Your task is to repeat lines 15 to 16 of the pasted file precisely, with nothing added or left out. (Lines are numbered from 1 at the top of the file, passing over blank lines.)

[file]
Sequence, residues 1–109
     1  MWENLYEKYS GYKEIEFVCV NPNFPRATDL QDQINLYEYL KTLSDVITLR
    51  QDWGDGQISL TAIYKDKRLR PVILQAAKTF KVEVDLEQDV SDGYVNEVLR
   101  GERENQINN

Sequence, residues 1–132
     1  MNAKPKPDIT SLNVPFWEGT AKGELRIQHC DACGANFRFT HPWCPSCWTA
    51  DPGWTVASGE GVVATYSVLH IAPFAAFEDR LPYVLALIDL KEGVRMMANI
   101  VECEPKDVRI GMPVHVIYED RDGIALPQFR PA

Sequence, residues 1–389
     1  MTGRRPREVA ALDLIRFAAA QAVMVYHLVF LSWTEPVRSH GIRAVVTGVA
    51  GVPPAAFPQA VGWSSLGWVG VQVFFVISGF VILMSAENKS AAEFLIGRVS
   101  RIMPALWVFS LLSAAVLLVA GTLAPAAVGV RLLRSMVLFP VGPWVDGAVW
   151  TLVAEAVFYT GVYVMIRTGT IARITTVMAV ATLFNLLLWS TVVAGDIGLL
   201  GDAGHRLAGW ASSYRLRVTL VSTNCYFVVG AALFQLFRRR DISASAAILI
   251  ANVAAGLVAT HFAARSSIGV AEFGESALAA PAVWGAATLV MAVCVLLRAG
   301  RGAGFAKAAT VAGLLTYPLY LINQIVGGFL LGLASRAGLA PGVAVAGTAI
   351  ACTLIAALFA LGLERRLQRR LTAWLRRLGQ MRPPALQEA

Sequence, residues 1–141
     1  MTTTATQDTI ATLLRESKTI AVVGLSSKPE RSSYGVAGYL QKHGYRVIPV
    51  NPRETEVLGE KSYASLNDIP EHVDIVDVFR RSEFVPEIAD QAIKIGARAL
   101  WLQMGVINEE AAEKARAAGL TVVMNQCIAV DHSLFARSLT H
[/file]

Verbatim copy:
   251  ANVAAGLVAT HFAARSSIGV AEFGESALAA PAVWGAATLV MAVCVLLRAG
   301  RGAGFAKAAT VAGLLTYPLY LINQIVGGFL LGLASRAGLA PGVAVAGTAI